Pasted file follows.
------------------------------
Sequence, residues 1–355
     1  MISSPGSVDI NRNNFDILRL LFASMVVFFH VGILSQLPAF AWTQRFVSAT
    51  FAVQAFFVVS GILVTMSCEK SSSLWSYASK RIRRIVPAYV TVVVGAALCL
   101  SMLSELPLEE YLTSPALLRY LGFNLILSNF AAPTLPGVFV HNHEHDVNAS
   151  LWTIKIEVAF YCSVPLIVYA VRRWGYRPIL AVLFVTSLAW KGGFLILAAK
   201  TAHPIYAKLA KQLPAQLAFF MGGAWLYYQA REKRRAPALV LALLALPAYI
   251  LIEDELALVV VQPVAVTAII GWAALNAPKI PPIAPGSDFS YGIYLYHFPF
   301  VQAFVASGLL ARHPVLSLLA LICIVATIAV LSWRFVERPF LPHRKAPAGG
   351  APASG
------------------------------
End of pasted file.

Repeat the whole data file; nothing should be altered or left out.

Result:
Sequence, residues 1–355
     1  MISSPGSVDI NRNNFDILRL LFASMVVFFH VGILSQLPAF AWTQRFVSAT
    51  FAVQAFFVVS GILVTMSCEK SSSLWSYASK RIRRIVPAYV TVVVGAALCL
   101  SMLSELPLEE YLTSPALLRY LGFNLILSNF AAPTLPGVFV HNHEHDVNAS
   151  LWTIKIEVAF YCSVPLIVYA VRRWGYRPIL AVLFVTSLAW KGGFLILAAK
   201  TAHPIYAKLA KQLPAQLAFF MGGAWLYYQA REKRRAPALV LALLALPAYI
   251  LIEDELALVV VQPVAVTAII GWAALNAPKI PPIAPGSDFS YGIYLYHFPF
   301  VQAFVASGLL ARHPVLSLLA LICIVATIAV LSWRFVERPF LPHRKAPAGG
   351  APASG